Abstract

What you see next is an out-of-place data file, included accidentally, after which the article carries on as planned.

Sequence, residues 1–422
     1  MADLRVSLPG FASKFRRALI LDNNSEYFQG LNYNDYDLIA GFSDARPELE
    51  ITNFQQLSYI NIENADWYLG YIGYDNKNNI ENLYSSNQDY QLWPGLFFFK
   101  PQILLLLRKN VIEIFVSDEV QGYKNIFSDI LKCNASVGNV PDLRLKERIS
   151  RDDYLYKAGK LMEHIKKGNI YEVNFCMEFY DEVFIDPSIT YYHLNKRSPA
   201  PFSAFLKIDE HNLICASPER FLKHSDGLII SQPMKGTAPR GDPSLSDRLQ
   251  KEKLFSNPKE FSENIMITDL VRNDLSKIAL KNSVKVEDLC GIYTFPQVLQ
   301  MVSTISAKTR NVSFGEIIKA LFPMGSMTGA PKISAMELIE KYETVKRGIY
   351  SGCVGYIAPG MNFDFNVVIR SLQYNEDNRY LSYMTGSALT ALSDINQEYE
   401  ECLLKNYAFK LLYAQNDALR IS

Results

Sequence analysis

A fairly continuous, narrow belt of mylonite gneisses extends approximately 60 miles across southern California and crops out prominently at Coyote Mountain, near Borrego Springs, San Diego County. At Coyote Mountain, both prebatholithic rocks and igneous rocks lithologically similar to rocks from the nearby southern California batholith have been deformed in the mylonite zone—a deformation that is the last plutonic event recorded in the rocks. Petrographic evidence within these mylonites at Coyote Mountain indicates that sillimamte-K feldspar-muscovite-quartz assemblages remained stable or recrystallized (or both) during mylonitization. In addition, a maximum “set” temperature of 580° C, inferred from the MgCO3 content of calcite in deformed dolomite marbles, was determined. The physical conditions probable at the metamorphic peak accompanying mylonitization are: P-T conditions inferred from experimentally studied systems, T = 580° to 660° C and Pxotai = PH, O(?) = 3.4 to 7.0 kb; high H2O activity, as indicated by the continued stability of muscovite at such high temperatures. Mylonitization within this belt may be related to a rise of magma to higher crustal levels from within the southern California batholith.

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